Now, it is starting to look like he wants to make the Corps a career: certainly, this would be a worrisome decision from the standpoint of my brother and sister-in-law, I know; nonetheless, I can think of few choices that he could make, so long as this is really the path he wants to follow, that would be more worthwhile.

    Best Regards, Joe

  • I hate to tell you this but the painting near the top of this article is not the Continental Marines. It is the British army attacking Bunker hill our enemy in the Revolution. i had a copy of this print along time ago.

  • Greetings Chris:

    Your are, of course, quite correct. Somehow, the plate that I had intended to use "The Continental Marines Landing At New Providence" disappeared into the (Picasso) ether to be replaced by this one. And, for one reason or another, I have not gotten around to replacing it. But, now that I have a little more spare time since the rush of the Christmas holiday is behind us, I can finally track down the original image and replace the "Red Coats" with some "Blue Coats."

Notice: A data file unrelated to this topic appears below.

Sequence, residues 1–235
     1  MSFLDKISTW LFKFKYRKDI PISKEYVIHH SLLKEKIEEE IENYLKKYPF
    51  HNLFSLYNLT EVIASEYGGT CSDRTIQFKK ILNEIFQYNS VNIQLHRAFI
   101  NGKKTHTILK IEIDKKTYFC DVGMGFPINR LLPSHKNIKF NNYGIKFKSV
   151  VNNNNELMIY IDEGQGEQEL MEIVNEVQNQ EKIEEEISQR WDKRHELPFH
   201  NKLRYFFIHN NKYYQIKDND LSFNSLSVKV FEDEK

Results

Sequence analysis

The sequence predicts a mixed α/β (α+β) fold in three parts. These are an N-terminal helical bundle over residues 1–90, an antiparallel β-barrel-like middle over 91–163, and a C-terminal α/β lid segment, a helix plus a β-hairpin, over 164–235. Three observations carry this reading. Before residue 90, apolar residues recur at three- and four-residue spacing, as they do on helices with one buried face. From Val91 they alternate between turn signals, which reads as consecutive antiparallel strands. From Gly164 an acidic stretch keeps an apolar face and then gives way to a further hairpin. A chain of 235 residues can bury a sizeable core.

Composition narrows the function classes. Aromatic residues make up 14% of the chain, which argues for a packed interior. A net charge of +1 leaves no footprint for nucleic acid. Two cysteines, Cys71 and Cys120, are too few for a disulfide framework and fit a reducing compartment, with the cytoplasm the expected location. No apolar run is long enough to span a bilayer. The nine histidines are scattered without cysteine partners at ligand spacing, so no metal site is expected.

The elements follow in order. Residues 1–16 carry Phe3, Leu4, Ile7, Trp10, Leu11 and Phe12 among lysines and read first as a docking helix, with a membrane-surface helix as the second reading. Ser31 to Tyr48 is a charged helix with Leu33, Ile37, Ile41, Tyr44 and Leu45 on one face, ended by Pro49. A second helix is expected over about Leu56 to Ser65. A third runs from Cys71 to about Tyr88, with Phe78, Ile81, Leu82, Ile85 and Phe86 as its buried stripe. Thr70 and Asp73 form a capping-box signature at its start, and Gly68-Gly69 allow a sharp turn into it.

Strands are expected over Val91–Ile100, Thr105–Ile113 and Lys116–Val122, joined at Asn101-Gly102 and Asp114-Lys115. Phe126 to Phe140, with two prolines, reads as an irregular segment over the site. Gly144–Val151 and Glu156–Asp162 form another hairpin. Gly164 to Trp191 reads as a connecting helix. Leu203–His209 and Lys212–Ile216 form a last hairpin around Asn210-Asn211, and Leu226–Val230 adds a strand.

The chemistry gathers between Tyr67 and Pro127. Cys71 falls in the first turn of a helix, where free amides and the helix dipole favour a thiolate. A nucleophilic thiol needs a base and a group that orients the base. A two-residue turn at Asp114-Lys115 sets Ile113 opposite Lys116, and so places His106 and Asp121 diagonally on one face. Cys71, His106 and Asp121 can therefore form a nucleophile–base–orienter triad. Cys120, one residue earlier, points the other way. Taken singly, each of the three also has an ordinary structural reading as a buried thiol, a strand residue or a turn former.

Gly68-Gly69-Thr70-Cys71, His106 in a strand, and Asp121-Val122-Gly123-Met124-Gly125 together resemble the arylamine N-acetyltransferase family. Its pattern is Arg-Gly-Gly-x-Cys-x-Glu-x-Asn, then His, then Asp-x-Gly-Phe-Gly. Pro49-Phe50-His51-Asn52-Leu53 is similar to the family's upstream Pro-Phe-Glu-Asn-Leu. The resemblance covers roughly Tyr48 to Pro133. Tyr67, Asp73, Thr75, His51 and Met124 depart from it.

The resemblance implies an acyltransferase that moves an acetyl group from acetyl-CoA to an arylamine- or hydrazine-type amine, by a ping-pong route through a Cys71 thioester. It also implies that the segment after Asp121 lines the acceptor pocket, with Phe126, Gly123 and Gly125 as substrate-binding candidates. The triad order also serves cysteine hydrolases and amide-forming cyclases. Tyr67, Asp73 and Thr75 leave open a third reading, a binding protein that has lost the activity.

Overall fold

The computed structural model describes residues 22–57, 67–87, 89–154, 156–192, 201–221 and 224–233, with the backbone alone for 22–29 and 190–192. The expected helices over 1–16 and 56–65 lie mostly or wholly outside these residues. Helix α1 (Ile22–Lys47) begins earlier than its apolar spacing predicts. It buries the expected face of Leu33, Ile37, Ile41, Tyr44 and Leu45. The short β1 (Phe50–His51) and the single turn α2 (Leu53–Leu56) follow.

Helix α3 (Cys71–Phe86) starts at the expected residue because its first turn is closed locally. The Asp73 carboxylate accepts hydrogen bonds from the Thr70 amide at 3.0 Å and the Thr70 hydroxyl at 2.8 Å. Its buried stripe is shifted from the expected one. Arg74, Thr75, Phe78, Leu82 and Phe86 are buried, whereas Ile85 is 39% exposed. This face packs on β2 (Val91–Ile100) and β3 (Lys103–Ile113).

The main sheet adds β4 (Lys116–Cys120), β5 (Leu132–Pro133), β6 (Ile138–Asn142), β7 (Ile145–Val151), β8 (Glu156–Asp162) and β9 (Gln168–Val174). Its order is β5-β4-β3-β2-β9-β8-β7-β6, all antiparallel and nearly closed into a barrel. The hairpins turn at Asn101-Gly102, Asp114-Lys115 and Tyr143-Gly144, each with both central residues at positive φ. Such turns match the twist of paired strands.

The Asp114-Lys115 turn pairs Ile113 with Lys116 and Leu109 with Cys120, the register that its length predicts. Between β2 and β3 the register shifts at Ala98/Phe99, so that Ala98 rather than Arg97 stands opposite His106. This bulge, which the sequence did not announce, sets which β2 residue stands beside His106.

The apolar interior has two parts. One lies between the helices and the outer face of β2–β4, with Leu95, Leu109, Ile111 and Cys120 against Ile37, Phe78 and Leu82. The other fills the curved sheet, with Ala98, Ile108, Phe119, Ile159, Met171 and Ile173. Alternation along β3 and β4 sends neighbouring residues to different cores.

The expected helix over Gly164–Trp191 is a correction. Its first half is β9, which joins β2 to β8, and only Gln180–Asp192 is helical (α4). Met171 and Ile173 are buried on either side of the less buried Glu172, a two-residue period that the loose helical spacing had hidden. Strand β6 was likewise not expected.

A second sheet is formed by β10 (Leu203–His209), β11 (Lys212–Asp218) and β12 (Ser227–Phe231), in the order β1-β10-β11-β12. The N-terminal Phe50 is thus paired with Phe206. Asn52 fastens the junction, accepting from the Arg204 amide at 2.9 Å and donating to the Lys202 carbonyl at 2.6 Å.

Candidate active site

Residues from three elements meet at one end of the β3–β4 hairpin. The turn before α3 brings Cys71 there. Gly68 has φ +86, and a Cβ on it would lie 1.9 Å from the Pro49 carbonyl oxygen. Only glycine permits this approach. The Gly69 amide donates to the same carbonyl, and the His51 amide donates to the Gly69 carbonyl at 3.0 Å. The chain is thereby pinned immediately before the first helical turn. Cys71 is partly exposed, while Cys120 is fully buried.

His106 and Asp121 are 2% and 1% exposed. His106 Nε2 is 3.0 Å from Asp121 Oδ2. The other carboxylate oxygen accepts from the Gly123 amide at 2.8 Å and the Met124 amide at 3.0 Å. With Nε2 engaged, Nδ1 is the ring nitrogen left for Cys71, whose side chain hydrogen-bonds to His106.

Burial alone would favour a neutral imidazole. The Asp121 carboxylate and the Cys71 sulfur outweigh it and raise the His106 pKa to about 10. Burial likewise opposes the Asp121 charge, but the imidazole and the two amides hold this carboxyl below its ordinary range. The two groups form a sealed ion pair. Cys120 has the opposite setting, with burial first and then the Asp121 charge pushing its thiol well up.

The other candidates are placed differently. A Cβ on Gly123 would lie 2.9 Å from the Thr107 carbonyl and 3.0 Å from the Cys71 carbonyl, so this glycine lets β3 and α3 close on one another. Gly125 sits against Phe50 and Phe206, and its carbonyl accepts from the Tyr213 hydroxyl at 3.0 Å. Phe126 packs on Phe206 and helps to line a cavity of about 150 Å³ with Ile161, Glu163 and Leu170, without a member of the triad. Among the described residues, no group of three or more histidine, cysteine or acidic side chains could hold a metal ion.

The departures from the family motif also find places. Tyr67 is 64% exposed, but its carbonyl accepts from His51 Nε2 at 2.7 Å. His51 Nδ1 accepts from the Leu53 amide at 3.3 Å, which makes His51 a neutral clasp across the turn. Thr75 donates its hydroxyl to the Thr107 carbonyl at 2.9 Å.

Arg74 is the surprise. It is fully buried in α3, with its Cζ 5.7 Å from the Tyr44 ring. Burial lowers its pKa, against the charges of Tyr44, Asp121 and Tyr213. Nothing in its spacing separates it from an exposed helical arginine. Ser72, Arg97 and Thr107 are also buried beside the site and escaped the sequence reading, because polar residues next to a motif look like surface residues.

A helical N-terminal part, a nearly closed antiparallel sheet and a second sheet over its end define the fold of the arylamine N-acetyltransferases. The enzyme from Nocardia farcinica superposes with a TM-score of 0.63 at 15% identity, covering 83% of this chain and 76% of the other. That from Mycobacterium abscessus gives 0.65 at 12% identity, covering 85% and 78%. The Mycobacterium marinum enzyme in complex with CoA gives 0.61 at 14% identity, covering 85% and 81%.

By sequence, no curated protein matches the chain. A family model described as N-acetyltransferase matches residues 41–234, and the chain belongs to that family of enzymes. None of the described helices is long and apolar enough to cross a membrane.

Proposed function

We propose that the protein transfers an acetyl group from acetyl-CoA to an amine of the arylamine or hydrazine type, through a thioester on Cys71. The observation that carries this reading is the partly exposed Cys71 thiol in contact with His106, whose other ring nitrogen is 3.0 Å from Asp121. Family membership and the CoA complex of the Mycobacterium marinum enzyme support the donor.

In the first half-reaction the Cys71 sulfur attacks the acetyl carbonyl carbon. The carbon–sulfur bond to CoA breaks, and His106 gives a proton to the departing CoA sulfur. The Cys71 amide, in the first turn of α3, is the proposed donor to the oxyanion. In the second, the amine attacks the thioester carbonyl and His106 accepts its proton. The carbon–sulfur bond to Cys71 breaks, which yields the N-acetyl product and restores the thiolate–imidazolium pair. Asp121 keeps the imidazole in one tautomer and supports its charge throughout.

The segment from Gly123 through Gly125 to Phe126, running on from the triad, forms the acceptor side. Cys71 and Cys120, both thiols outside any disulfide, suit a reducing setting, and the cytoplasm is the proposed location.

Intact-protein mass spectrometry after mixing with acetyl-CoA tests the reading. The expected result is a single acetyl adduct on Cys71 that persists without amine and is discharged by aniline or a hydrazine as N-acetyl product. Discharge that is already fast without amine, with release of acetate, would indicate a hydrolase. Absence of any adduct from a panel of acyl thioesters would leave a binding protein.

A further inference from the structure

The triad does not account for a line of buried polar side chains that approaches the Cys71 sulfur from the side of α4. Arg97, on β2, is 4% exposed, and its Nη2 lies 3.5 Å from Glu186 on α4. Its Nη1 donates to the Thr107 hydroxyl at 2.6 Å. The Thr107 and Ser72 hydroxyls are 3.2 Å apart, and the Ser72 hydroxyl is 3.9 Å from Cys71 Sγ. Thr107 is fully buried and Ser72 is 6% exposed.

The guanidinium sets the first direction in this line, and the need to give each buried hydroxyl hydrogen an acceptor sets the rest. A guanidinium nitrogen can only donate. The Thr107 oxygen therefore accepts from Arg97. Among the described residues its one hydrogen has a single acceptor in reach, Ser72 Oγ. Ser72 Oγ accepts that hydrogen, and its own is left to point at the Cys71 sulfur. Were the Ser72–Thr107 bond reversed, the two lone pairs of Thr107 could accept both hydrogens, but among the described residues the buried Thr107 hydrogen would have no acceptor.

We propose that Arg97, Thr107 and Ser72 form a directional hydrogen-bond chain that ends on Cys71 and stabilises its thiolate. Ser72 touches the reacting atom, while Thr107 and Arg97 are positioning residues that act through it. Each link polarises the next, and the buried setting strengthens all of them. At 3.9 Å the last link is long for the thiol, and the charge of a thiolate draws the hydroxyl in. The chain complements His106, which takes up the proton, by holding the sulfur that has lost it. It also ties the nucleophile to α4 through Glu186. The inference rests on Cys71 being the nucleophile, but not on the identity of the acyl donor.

Thanks for your interest and
    Best Regards, Joe